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ON GÉRÔME, BOUGUEREAU, INGRES, AND “THEY DIED WITH THEIR BOOKS ON,” NOTES FROM A JOURNAL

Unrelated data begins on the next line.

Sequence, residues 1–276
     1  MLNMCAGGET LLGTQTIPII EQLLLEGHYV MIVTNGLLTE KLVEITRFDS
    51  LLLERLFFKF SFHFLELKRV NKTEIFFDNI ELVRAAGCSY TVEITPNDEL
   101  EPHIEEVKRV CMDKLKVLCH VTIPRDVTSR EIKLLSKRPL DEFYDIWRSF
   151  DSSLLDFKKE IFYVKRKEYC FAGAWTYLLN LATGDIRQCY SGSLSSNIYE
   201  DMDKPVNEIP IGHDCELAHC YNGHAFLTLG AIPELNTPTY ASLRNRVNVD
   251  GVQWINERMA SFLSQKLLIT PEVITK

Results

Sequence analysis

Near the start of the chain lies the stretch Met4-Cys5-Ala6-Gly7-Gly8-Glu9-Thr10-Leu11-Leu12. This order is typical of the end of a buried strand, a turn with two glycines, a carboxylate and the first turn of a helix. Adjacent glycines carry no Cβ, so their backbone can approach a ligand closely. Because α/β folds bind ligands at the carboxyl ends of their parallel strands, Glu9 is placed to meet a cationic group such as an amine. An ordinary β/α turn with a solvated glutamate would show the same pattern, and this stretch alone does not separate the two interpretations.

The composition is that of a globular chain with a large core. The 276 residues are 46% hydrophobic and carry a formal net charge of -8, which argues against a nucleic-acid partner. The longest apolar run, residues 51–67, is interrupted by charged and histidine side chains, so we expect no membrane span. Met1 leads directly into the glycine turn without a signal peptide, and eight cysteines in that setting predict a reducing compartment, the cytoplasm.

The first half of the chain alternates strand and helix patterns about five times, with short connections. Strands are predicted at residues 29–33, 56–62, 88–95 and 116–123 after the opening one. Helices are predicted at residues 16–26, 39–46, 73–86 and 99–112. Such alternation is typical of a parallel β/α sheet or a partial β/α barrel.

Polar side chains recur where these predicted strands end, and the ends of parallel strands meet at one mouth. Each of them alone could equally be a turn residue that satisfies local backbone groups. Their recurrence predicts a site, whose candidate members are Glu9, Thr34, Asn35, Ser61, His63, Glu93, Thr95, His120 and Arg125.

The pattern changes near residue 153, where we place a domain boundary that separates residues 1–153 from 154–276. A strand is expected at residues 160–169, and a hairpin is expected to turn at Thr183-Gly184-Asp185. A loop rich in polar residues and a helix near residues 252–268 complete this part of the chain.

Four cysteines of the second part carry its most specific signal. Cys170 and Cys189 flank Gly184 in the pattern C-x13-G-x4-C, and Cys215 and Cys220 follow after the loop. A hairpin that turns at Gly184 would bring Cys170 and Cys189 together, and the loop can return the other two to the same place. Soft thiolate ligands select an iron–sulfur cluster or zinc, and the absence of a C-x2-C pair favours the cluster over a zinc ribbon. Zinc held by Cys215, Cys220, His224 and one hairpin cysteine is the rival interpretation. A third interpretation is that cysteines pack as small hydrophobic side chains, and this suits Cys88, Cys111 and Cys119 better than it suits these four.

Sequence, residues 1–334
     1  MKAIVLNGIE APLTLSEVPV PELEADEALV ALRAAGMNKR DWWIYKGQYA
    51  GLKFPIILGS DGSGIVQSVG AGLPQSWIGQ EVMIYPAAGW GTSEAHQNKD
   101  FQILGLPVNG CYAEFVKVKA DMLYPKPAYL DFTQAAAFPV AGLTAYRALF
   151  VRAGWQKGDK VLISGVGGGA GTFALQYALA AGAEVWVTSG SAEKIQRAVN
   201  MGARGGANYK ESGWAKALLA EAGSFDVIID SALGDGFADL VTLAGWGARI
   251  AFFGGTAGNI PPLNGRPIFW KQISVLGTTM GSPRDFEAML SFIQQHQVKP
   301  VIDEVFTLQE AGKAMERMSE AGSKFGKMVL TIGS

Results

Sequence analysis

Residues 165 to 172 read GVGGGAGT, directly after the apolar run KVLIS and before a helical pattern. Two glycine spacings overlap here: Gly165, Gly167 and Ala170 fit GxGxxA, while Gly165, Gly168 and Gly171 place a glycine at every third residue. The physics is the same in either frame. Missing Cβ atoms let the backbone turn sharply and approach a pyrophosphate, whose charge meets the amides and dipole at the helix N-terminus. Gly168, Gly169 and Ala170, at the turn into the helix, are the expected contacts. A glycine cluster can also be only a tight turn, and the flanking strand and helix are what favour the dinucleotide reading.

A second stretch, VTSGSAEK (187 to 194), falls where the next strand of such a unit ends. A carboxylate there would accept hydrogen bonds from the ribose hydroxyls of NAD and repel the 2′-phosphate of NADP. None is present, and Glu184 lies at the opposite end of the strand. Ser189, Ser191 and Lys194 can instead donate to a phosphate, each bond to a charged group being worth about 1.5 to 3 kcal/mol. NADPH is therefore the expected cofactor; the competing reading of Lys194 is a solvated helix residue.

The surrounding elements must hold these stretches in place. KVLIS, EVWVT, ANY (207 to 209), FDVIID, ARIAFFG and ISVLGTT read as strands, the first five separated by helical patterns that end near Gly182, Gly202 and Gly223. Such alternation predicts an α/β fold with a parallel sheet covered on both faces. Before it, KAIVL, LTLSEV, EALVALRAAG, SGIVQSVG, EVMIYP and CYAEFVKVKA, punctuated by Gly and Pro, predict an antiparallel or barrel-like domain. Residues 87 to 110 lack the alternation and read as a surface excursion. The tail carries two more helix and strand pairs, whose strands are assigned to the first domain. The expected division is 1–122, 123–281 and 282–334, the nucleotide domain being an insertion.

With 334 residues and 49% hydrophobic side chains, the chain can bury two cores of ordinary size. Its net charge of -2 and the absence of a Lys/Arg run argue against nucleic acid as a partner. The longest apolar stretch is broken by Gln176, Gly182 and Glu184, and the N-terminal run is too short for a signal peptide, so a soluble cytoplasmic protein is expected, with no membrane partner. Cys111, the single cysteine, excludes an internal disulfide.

. . . I WENT TO WASHINGTON to see the Bonnard and Watteau exhibitions but came away utterly absorbed by a Gérôme—Egyptian Recruits Crossing the Desert, 1857. It was being shown at the National Gallery in an exhibition called “The Orientalists: Delacroix to Matisse.” The principal orientalist painters were, of course, the so-called academics, and these would include not only the French and English painters, but Americans like Frederic Church and Sanford R. Gifford. The former’s academic side, which I suspect American chauvinism has obscured, is very evident in his Jerusalem from the Mount of Olives, 1870, a melodramatically illuminated panoramic view in which the echoes of Thomas Cole are assimilated into Church’s illustrative style to make a painting at odds with the near sublimity of effect that Church usually aimed for. Yet Gérôme’s picture, and those of the academic orientalists generally,

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